Editor’s note: This story appeared in the January 2016 edition of Inmotion.
Just outside Methodist Dallas Medical Center, located in the North Oak Cliff area of Dallas, a woman waits on a bench for the next bus to arrive.
“I’m in town visiting a family member at the hospital and I needed a break,” she said. “I found a DART brochure in the lobby and ventured out. Now I’m trying to get my bearings, go back downtown, and see where else I can go on public transportation.”
More than 11,900 bus stops across the DART Service Area connect customers to their destinations and the entire regional transit system. For many, these stops are portals to employment, health care, education, basic necessities, family and friends, and more. All hail the lowly bus stop!
Many – like the one near Methodist Dallas Medical Center – are equipped with a bench or shelter for waiting passengers. For the thousands of customers who ride buses every day, these “passenger support facilities” are far more than amenities. They make it reasonable to travel by public transit.
“Benches and shelters are concrete, useful ways that we tell people DART is here, we want you to ride, and we care about you,” said Rob Parks, manager of passenger support facilities.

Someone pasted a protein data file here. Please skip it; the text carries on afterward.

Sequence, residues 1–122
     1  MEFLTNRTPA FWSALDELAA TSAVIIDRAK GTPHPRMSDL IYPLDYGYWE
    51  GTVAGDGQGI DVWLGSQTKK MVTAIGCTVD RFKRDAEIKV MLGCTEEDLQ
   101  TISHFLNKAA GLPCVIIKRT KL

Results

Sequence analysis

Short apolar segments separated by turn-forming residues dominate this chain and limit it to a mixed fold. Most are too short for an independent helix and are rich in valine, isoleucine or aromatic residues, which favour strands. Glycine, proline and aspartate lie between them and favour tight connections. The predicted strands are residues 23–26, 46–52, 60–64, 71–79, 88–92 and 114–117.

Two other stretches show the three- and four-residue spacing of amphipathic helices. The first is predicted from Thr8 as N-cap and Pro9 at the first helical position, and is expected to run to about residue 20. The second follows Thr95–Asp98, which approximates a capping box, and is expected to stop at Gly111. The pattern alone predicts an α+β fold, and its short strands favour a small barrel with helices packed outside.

As a general guideline, DART places benches at bus stops with at least 25 daily riders, and a solar-powered, lighted shelter at those with 50 or more boardings. Many locations have a trash can and Guide-a-Ride, a four-sided sign displaying schedules of relevant bus routes.
DART has approximately 66 solar-lit bus stops located in areas with limited ambient light, good ridership and safety concerns. The agency hopes to install more solar lights, including some with flashing beacons, to better draw the bus operators’ attention.
Also in the works, DART is designing innovative bus shelters that will better meet the needs of customers.